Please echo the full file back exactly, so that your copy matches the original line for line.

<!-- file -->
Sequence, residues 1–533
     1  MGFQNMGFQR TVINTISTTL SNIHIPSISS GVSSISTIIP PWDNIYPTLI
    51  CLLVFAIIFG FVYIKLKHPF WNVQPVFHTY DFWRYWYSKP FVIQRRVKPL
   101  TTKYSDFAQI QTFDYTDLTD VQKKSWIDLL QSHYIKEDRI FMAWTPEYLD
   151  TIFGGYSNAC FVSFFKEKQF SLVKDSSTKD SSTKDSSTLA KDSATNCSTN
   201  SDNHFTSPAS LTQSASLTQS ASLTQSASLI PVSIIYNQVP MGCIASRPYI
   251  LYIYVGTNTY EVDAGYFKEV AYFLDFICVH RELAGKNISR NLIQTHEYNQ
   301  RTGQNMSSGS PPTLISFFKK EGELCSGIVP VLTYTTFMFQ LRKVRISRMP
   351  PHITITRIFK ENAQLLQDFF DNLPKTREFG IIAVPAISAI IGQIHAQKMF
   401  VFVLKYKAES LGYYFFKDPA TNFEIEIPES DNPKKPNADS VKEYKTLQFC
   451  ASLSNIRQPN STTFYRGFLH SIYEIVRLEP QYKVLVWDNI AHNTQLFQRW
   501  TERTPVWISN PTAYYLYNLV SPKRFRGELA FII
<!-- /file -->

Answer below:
Sequence, residues 1–533
     1  MGFQNMGFQR TVINTISTTL SNIHIPSISS GVSSISTIIP PWDNIYPTLI
    51  CLLVFAIIFG FVYIKLKHPF WNVQPVFHTY DFWRYWYSKP FVIQRRVKPL
   101  TTKYSDFAQI QTFDYTDLTD VQKKSWIDLL QSHYIKEDRI FMAWTPEYLD
   151  TIFGGYSNAC FVSFFKEKQF SLVKDSSTKD SSTKDSSTLA KDSATNCSTN
   201  SDNHFTSPAS LTQSASLTQS ASLTQSASLI PVSIIYNQVP MGCIASRPYI
   251  LYIYVGTNTY EVDAGYFKEV AYFLDFICVH RELAGKNISR NLIQTHEYNQ
   301  RTGQNMSSGS PPTLISFFKK EGELCSGIVP VLTYTTFMFQ LRKVRISRMP
   351  PHITITRIFK ENAQLLQDFF DNLPKTREFG IIAVPAISAI IGQIHAQKMF
   401  VFVLKYKAES LGYYFFKDPA TNFEIEIPES DNPKKPNADS VKEYKTLQFC
   451  ASLSNIRQPN STTFYRGFLH SIYEIVRLEP QYKVLVWDNI AHNTQLFQRW
   501  TERTPVWISN PTAYYLYNLV SPKRFRGELA FII